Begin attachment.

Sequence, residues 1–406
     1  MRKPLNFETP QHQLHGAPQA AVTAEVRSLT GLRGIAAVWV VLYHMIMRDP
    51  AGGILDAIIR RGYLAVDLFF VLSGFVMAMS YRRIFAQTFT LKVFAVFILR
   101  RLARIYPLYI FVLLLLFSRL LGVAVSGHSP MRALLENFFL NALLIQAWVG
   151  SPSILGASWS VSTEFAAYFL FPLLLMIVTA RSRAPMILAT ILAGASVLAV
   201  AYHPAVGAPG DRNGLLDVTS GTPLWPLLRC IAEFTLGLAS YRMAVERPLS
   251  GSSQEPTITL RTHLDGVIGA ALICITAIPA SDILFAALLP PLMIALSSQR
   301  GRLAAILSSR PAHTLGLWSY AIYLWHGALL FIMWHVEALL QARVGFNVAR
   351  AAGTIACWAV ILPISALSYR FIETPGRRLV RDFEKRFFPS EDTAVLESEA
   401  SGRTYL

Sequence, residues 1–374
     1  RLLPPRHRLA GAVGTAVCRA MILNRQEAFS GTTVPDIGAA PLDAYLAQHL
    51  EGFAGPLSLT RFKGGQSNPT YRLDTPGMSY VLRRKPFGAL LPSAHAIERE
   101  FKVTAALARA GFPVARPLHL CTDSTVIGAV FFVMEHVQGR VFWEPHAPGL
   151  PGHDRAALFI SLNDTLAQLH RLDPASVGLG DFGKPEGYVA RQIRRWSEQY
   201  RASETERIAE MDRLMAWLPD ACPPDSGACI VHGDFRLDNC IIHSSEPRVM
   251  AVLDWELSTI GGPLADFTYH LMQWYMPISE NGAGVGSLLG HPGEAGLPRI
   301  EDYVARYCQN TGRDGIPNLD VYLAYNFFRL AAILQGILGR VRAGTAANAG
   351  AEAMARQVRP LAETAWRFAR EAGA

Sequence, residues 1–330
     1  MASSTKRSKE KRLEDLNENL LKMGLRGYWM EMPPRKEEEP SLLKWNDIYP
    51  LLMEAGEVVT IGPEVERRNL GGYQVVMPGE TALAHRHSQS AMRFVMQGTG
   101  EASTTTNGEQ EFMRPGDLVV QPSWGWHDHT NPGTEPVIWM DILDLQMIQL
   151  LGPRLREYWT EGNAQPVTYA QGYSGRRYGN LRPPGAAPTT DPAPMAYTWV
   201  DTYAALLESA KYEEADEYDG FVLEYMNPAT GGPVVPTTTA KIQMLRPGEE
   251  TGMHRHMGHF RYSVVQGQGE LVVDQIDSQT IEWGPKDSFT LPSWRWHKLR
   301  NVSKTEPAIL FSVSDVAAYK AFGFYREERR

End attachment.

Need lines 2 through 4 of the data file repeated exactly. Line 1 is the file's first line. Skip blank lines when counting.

     1  MRKPLNFETP QHQLHGAPQA AVTAEVRSLT GLRGIAAVWV VLYHMIMRDP
    51  AGGILDAIIR RGYLAVDLFF VLSGFVMAMS YRRIFAQTFT LKVFAVFILR
   101  RLARIYPLYI FVLLLLFSRL LGVAVSGHSP MRALLENFFL NALLIQAWVG